The Grove Park Historic District is a Living Nod to Asheville’s History

Grove Park homes are a living nod to Asheville’s history.


The inviting Grove Park neighborhood, tucked off of Charlotte Street just northeast of downtown, is considered to be one of the finest residential locations in Asheville. Every avenue throughout this historic neighborhood in the mountains of Western North Carolina is a living nod to the area’s history, and absolutely worth a visit to take it all in!

Grove Park was the vision of Edwin Wiley Grove, a pharmaceutical magnate from St. Louis, and is North Carolina’s first suburban neighborhood. Like so many other Asheville residents, including another well-known “tourist”, Biltmore Estate owner George W. Vanderbilt, Grove was at once impressed with the scenery and the climate. The Vanderbilt’s estate, built in the late 1800’s on the south end of town, led the way for Grove and others with similar visions to develop additional areas of town. Along with other well-knowns, like architect Richard Sharp Smith, Grove’s architectural planning shaped much of the look of north Asheville.

grove-park-golfThe Grove Park Historic District is significant for its collection of single-family homes that represent the design and construction practices of early twentieth century architecture. The first lots were sold in 1909 in an area of curved streets, parks, and natural landscaping—an atmosphere still present today. Most of the development occurred between 1908 and 1938, illustrating a number of styles, including Georgian, Colonial, Tudor, Bungalow, and Shingle. Many of the homes are sited on wooded parcels averaging 0.5 acre, with occasional size variance due to some owners having smartly assembled plots over time. Time-honored deed restrictions concerning setback and building costs have allowed the properties to relate well to each other and maintain a high degree of integrity.

Grove Park sits just below the Omni Grove Park Inn Resort & Spa, from which guests and visitors can look out over the area, and out to the city skyline. Erected in 1913 by Grove’s son-in-law Fred Seely, the Grove Park Inn on Sunset Mountain was another of Grove’s visions and instantly became the cornerstone of the neighborhood’s identity. The stunning building has played host to a number of American presidents, diplomats, and celebrities over the last century, as well as an annual national gingerbread house competition that is featured in press all across the United States.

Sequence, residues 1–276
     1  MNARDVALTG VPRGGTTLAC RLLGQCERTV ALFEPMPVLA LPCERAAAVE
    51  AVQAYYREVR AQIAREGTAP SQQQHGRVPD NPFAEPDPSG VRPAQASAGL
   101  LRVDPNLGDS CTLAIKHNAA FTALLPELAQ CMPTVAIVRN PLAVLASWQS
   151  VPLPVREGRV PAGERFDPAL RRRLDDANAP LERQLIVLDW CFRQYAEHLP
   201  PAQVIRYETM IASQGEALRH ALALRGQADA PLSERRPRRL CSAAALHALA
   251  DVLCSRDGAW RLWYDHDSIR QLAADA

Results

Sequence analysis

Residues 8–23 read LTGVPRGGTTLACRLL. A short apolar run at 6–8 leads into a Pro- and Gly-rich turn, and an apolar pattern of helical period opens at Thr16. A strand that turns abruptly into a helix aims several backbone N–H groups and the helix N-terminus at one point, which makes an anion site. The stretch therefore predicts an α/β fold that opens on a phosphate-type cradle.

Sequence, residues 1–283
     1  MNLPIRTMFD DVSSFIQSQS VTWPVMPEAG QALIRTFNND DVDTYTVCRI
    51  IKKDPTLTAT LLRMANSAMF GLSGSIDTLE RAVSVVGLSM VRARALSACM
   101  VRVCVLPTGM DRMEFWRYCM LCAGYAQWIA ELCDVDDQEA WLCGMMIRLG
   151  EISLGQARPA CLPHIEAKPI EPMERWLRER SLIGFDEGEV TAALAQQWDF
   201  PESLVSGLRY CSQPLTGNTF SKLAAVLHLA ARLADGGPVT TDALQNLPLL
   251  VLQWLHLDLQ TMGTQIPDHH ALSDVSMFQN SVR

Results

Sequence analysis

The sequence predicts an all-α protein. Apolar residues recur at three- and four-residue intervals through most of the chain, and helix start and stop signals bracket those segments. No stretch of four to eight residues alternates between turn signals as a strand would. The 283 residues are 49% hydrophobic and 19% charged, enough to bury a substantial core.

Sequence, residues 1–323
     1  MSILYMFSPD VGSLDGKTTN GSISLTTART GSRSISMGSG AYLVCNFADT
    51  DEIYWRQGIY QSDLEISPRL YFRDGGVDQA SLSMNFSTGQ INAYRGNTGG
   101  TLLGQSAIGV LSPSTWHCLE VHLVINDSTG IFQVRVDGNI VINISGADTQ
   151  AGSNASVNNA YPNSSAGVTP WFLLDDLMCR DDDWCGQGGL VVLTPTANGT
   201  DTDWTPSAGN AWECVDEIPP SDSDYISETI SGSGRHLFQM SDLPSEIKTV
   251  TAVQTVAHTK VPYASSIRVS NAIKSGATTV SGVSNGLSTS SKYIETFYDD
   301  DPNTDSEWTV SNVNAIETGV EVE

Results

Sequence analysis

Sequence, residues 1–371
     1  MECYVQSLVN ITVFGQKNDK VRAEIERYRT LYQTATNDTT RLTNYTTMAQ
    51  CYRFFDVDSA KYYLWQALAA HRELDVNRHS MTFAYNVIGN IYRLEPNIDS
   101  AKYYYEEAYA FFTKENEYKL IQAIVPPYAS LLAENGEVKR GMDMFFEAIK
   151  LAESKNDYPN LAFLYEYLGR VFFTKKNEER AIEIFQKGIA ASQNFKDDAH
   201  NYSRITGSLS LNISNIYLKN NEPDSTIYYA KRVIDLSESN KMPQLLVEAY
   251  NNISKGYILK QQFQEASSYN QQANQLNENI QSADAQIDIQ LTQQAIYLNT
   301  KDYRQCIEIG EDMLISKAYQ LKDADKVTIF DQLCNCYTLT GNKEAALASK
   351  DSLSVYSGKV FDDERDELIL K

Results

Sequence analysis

The Grove Park Inn’s golf course serves as a large green space in the center of the resort and the neighborhood. Designed by Donald Ross in 1926, the 18-hole, par 70 course has an undulating front nine and a back nine that can be steep. Over a decade ago, the resort invested $2.5 million to restore the course in a manner that Ross would approve. The course is considered to be among Golf Digest Magazine‘s top ten U.S. courses that are at least 100 years old. Players who have enjoyed its challenge include golf immortals Bobby Jones, Sam Snead, and Byron Nelson, as well as other PGA stars like Doug Sanders, Gene Littler, Fuzzy Zoeller, and Chip Beck.

The Grove Park neighborhood achieved national status after being placed on the National Register of Historic Places in 1989. Learn more about Grove Park on the Beverly-Hanks community page.


All real estate is local. In order to make confident real estate decisions, we believe it important for you to have timely and neighborhood-specific information. If you would like more market information about Grove Park, our experts at Beverly-Hanks are here to help. Contact us today to speak with a Beverly-Hanks real estate agent about buying homes and land in Grove Park.



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